BMC Speedfox 01

THE BMC SPEEDFOX 01

Australian Mountain Bike - - Contents - TESTER: RYAN WALSCH PHO­TOG­RA­PHER: TIM BARDLSEY -SMITH

We took BMC’s top tier trail bike to the South Is­land of New Zealand in search of what many re­gard as the most pris­tine trails in the world. The Speedfox has an ex­tremely svelte ap­pear­ance, with a form and func­tion that could only be Swiss. One look down to the bars and any min­i­mal­ist would feel right at home, thanks to the ab­sence of clut­ter and all things un­nec­es­sary. What makes BMC’s all new Speedfox unique is just that, an ab­sence of any­thing re­dun­dant and what BMC call Trail-Sync. We have all been robbed at some point on a de­scent after for­get­ting to un­lock your sus­pen­sion and that prob­lem aboard the Speedfox is re­dun­dant, the rider is synced with the trail us­ing just one lever. The Trail Sync lever si­mul­ta­ne­ously ac­ti­vates the

in­te­grated drop­per post and trail func­tion­al­ity of the Fox Float EVOL rear shock. When the post is up, the shock is in the trail po­si­tion and when in the mid­way po­si­tion or dropped it re­turns to the open/de­scend mode. To date there is noth­ing quite like this in the mar­ket, but is the Speedfox mak­ing as­sump­tions about our en­vi­ron­ment for us? The an­swer there is sim­ple – yes it is. But does it im­prove our chance of get­ting the mix right? That’s what we wanted to find out.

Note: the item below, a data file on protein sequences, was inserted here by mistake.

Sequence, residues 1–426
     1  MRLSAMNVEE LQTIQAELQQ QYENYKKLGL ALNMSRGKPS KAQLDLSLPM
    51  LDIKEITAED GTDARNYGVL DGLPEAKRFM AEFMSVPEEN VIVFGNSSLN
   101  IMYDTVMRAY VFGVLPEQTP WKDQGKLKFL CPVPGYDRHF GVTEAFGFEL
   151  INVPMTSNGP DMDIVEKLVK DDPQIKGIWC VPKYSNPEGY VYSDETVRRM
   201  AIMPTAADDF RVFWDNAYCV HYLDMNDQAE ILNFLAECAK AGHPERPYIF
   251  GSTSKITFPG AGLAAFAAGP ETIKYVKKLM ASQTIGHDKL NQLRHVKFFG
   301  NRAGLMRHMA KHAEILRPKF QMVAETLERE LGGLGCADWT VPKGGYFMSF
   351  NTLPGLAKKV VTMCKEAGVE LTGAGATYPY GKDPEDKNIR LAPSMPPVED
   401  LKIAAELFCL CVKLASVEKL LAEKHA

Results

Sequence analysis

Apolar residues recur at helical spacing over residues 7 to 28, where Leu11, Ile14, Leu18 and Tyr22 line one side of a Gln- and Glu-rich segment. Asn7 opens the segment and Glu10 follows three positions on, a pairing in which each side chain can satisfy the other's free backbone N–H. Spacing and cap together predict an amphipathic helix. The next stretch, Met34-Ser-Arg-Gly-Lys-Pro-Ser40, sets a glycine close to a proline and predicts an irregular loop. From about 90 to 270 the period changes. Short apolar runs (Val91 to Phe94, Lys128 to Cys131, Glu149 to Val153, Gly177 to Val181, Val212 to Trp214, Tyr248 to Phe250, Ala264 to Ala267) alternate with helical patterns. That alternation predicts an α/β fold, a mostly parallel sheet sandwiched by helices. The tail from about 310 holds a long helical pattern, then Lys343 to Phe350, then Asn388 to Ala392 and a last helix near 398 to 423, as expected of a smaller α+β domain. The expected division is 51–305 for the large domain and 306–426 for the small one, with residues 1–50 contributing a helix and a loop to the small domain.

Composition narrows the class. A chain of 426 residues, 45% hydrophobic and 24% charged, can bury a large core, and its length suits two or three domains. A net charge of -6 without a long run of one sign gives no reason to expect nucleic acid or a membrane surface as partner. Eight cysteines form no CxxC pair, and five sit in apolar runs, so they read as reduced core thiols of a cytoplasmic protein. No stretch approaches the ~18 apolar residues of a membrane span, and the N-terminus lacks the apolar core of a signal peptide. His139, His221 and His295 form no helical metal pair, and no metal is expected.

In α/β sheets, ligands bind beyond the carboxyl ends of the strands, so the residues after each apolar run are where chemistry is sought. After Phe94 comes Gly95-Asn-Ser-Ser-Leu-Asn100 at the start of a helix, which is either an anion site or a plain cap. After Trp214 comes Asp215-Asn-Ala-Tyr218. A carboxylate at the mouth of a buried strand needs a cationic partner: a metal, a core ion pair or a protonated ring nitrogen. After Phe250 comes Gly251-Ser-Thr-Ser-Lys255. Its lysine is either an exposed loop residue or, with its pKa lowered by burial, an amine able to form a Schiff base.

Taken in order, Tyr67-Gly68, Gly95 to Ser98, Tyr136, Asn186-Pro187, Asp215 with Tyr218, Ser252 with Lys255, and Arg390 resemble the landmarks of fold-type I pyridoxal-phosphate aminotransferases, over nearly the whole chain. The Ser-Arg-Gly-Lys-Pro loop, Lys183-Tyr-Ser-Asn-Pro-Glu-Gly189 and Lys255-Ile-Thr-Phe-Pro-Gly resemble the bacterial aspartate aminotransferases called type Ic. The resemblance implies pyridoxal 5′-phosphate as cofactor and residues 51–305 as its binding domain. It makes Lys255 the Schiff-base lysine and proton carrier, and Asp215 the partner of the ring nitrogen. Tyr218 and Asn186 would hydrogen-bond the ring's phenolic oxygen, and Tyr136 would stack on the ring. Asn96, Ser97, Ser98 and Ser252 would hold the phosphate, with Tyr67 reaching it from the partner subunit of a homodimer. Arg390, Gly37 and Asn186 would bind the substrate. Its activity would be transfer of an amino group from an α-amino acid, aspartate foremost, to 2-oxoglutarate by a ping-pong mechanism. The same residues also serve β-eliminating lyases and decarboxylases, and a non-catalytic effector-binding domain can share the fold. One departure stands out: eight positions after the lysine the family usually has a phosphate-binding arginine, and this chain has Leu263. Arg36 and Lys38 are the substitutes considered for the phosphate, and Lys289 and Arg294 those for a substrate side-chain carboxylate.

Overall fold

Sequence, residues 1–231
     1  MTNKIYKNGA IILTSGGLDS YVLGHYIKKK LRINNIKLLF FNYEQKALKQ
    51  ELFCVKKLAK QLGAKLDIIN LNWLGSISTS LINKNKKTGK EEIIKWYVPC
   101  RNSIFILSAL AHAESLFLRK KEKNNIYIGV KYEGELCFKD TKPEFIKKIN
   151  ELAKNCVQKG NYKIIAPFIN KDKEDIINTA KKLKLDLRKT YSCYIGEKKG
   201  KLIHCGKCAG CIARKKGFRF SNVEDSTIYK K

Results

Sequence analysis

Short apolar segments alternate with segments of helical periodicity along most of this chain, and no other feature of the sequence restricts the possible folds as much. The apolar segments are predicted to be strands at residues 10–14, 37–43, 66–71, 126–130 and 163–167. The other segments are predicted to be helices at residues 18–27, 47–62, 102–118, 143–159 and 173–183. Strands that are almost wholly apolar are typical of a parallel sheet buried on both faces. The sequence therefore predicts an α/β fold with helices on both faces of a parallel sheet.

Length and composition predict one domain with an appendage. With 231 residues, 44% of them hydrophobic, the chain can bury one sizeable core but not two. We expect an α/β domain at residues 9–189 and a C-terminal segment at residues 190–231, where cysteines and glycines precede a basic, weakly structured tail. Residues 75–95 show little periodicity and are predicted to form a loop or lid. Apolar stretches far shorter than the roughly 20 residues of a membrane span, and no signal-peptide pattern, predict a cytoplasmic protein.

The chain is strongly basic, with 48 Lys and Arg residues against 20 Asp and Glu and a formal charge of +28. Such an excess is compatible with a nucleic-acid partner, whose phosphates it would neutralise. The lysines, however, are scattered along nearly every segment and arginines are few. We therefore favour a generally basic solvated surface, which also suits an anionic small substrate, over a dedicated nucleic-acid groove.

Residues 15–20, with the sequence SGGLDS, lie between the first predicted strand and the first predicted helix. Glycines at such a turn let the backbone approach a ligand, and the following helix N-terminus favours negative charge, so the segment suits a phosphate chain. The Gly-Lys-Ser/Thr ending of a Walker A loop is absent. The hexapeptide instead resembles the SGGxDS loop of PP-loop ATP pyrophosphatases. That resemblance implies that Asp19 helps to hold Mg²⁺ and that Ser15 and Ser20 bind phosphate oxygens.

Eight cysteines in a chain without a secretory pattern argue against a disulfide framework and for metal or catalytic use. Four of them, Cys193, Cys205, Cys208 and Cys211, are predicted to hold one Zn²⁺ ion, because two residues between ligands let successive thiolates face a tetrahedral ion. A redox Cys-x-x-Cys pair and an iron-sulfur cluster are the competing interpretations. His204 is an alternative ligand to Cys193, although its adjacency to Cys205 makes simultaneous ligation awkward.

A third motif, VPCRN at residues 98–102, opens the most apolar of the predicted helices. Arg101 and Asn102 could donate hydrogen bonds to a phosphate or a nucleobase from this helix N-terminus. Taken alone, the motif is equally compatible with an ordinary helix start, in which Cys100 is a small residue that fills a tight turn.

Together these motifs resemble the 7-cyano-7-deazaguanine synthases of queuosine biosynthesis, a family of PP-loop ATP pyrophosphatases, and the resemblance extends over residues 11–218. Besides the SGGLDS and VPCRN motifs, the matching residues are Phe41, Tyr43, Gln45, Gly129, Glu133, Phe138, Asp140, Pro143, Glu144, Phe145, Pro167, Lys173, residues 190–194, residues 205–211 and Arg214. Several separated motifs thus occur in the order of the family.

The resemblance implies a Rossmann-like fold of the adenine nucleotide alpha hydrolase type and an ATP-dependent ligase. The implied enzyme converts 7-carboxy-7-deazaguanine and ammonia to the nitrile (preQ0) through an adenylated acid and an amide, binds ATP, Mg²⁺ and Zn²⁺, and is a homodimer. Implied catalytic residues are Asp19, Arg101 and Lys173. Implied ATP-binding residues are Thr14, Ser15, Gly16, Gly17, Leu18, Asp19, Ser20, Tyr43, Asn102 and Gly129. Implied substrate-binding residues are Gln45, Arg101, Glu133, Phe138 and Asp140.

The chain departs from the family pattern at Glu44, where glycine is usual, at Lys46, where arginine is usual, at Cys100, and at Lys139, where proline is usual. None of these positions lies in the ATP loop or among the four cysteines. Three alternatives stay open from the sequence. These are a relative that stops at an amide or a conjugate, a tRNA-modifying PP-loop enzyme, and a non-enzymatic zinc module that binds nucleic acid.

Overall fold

INI­TIAL IM­PRES­SIONS

One glance at the Speedfox and its sim­ple and sleek ap­pear­ance is un­mis­tak­ably Swiss. All this sim­plic­ity re­quires lots of in­ter­nal wiz­ardry, the lone left hand lever un­der the bars con­trols the in­ter­nal lock­ing mech­a­nism for the in­te­grated Trail-Sync drop­per post which is in turn con­nected to the rear shock. Yes there is a lot go­ing on in­side that main­frame! The in­te­grated Trail-Sync drop­per is very long, and may be cut to achieve the cor­rect height. There is a short seat mast cap sup­plied and a longer one is avail­able af­ter­mar­ket for any­one that may need the ex­tra length or ad­justa­bil­ity. On our large test bike the drop­per has 120mm of drop. A small or medium sized frame has 100mm. Out of the box we set up the Speedfox tube­less and ran the all-sea­son Hutchin­son Taipan 29 x 2.25” front and rear in prepa­ra­tion for the va­ri­ety of trails in New Zealand. The DT Swiss XM1501 Spline One wheels have fault­less tube­less setup and the tyres bagged up nicely. We knew that 10

days in the South Is­land of New Zealand would throw some ex­treme weather our way and we were ea­ger to see how the Trail-Sync sys­tem would han­dle chal­leng­ing con­di­tions.

ON THE TRAIL